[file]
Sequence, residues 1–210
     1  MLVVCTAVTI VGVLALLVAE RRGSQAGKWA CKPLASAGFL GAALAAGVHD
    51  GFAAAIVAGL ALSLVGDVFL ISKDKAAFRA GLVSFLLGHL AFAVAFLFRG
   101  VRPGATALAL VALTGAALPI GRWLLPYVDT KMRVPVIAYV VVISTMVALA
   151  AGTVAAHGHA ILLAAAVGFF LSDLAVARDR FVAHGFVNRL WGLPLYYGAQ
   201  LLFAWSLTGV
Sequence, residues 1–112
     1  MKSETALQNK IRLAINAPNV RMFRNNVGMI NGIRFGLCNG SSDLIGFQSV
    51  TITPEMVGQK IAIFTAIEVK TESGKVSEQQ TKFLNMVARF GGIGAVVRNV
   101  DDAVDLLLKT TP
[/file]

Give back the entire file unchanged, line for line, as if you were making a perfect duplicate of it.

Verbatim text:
Sequence, residues 1–210
     1  MLVVCTAVTI VGVLALLVAE RRGSQAGKWA CKPLASAGFL GAALAAGVHD
    51  GFAAAIVAGL ALSLVGDVFL ISKDKAAFRA GLVSFLLGHL AFAVAFLFRG
   101  VRPGATALAL VALTGAALPI GRWLLPYVDT KMRVPVIAYV VVISTMVALA
   151  AGTVAAHGHA ILLAAAVGFF LSDLAVARDR FVAHGFVNRL WGLPLYYGAQ
   201  LLFAWSLTGV
Sequence, residues 1–112
     1  MKSETALQNK IRLAINAPNV RMFRNNVGMI NGIRFGLCNG SSDLIGFQSV
    51  TITPEMVGQK IAIFTAIEVK TESGKVSEQQ TKFLNMVARF GGIGAVVRNV
   101  DDAVDLLLKT TP